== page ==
Now at that time I was working at the H-D shop with Goose, who is more heavily tatted up than I am, even. This was in the halcyon days before every yuppie idjit and his sister’s cat’s grandmother started getting ink, mind. Tattooing was still strictly an outlaw, taboo sort of thing, the by and large exclusive province of sailors, bikers, Marines, ex-cons, and other sundry misfits. The usual reaction of Joe Normal, as he crossed the street to avoid passing close to you, could be summed up as: You’re tattooed? Ya loser!

By then, Randy had already finished both my arms shoulder to wrist, as well as the black cat on my neck—Lucky, we called him, done in loving memory of the incomparable Mr Kitty. Thus, I considered myself to be fully and firmly committed; I’d already gone well past the point of no return as a fully-paid-up Tattooed Freak, and didn’t give a tinker’s damn. I was perfectly content with my lifestyle choices to date, foolish though the Squarejohn world would doubtless think them.

Too, I’d spent a month in the office as dispatch manager at Airborne Express not long before and had loathed every second of it, considering the job a thirty-day sentence in the very bowels of Hell. Wanting no more of such, I wound up telling my boss to put me back in a truck again before I went bugfuck nuts and broke down in a frothing hissy fit out on the loading dock. T’weren’t no going back indoors for me, not if I had anything to say about it.

As it developed—UNEXPECTED!!!™—I was wrong about that: some years later, I would be hired on by Outlaw Biker/Art & Ink Publications, working in an office with people who cared not a whit that I was a tattooed, to-the-bone old-school biker; an itinerant rock and roll musician; a seedster Harley wrench, all that bushwa. Yeah, it was an office job, but I was among like-minded souls there, so it worked out pretty nicely for all concerned.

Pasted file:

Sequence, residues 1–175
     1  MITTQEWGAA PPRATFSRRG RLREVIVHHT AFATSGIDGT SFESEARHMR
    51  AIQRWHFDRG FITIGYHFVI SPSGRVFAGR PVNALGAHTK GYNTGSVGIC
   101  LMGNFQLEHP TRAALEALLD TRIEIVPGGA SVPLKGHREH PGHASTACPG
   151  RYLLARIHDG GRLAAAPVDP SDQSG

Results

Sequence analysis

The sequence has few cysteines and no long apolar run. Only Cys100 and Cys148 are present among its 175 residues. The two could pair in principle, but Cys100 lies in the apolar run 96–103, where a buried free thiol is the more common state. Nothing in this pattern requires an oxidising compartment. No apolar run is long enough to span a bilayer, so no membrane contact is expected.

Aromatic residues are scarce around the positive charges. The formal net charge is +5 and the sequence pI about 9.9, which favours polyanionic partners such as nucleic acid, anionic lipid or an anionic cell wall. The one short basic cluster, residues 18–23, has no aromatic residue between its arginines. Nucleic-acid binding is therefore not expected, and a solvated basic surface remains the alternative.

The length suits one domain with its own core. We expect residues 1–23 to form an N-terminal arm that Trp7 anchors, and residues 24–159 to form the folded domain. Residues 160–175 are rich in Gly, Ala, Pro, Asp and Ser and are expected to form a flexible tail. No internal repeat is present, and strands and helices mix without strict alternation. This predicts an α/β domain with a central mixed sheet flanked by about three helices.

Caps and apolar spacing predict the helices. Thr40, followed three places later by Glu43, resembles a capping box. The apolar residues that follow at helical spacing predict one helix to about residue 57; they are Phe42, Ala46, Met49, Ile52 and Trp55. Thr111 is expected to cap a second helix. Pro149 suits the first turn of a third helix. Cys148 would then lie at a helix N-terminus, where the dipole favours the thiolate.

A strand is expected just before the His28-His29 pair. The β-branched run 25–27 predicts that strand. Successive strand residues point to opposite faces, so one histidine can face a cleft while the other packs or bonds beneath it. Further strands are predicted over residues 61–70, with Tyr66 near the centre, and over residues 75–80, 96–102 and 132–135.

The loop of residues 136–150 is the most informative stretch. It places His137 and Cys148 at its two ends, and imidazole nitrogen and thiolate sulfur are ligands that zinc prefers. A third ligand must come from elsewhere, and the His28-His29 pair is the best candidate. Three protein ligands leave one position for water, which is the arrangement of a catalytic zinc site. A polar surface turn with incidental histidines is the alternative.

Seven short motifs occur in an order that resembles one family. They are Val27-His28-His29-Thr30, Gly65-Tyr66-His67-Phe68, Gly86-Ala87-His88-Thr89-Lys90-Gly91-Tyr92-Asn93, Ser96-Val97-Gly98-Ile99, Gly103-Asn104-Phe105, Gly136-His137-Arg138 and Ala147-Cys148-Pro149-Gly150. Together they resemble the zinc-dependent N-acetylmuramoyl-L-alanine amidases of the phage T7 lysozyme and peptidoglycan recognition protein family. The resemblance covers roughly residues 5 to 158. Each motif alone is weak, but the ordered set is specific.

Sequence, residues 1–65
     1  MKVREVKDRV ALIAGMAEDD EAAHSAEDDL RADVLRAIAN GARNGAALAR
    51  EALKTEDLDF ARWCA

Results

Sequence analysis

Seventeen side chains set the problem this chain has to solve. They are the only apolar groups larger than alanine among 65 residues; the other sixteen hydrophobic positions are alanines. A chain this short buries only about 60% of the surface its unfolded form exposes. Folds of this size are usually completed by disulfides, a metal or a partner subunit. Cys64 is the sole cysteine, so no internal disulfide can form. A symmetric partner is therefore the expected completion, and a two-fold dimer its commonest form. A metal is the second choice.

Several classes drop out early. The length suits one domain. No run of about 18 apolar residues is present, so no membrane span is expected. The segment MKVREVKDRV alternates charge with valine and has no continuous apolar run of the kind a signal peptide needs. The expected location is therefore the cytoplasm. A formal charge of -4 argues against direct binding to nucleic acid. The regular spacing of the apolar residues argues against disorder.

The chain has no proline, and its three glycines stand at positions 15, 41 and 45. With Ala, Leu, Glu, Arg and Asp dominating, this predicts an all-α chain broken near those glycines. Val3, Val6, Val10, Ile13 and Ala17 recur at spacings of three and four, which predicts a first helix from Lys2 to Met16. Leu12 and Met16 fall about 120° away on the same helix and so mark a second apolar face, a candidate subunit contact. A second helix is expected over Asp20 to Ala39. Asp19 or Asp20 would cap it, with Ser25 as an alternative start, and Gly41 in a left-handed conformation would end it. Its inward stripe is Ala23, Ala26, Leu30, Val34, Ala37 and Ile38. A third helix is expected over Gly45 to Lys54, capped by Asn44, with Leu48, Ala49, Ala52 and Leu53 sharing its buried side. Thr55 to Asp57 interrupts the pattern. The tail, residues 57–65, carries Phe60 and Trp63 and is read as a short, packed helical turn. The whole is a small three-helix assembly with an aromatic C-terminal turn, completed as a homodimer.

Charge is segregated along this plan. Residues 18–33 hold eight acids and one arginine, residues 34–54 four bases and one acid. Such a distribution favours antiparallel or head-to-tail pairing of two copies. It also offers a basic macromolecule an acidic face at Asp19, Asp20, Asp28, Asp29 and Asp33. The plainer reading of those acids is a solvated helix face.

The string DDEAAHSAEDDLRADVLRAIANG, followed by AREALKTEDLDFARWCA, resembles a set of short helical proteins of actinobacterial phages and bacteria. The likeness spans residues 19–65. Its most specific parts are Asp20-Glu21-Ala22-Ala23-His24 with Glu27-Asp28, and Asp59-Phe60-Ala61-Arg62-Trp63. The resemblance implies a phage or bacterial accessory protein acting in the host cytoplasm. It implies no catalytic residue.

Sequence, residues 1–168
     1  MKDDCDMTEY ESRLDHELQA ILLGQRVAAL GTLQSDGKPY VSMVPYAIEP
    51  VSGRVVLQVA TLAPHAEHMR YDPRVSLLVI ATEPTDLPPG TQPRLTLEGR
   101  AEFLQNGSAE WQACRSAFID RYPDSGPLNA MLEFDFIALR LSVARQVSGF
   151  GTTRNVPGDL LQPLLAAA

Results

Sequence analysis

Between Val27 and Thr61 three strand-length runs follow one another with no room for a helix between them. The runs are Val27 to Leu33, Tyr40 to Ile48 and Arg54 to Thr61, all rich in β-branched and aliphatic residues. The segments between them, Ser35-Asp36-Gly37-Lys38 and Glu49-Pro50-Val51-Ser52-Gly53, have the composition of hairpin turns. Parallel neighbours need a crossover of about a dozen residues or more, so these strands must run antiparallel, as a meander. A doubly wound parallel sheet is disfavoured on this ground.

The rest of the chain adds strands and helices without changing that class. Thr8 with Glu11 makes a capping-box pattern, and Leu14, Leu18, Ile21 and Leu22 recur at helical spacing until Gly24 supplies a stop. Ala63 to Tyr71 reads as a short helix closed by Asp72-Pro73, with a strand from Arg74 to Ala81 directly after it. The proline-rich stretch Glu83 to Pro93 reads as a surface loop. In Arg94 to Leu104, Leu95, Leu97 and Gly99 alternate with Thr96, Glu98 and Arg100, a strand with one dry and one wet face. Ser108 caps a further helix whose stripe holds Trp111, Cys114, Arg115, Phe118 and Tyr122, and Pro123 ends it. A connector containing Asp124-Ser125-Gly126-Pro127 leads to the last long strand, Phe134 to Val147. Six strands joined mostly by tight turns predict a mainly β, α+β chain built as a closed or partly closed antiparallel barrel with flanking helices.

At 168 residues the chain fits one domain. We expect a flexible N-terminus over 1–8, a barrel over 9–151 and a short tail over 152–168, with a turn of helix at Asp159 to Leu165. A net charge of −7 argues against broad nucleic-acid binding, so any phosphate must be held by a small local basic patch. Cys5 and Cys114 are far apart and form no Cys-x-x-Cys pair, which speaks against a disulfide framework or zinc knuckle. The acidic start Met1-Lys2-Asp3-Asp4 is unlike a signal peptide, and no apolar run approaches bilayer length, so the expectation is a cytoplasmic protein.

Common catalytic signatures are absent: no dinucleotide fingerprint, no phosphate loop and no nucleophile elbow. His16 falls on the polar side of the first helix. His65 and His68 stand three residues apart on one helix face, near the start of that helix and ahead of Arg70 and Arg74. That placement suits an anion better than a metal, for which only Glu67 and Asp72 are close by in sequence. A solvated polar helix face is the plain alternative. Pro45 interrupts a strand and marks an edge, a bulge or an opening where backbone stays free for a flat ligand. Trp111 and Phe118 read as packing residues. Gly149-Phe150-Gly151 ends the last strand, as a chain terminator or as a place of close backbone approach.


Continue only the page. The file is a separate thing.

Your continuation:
Even so, I always appreciated Randy being thoughtful enough, caring enough, to remind me of how high the stakes were, and have never forgotten it, bless his heart. Although I haven’t seen him in four-five years, I’ll always miss the man.


6 thoughts on “Fare thee well to Randy Herring

  1. Randy did a Memorial piece for my Dad on my right biceps many years ago. It is still as bright and vibrant as ever. And yes, I felt Randy’s “heavy hand”, in a good way. A good man, gone too soon.

    1. Got one for my Dad from him when he passed myself. My mom saw it and wanted to know when I was gonna get one that said “Mom” on it. That line of enquiry was shut down immediately when I told her that traditionally, she’d have to die before I could. Never has been. brought up again since. 😉

  2. Thank you for such a fine eulogy, Mike. I have to admit that I’ve never understood the appeal of tattooing but your excellent prose took care of that. Bravo! But not surprised, due to your terrific blogging. Best to you!

    1. Thankee much, Jim, very kind of you to say. Been thinking of doing a follow-up post with more of the tattoo lore I’ve learned over the years, including the story of what first sparked my own interest in tattoos, namely, my maternal grandpa. The art has a rich, varied history that encompasses the entire world—every nation, every culture, both developed and tribal, which even those completely unfamiliar with it might find interesting, or so I was thinking.

      We’ll see about that; these days, the curse of blogging is not that there are too few things worth writing about, but way too damned many.

  3. Like Jim, I’ve never quite understood the appeal of the tattoo, but I have no issue with them, each to his own.

    I was stunned by the absolute artistry on the bodies of many of the Texas Corrections inmates. I was there to help them with a thorny machinery update and problem. I first noticed beautiful artwork on the walls. You would believe Da Vinci, Michelangelo, Picasso, and a handful of others had been transported time and distance to current day Texas Corrections.

    Then some of the inmates walked by on the way to the showers. Naked, but damn little skin displayed. Instead they were covered with exquisite artwork. Truly unbelievable. I had to ask – is it possible these folks did this inside? Yes, almost all of it.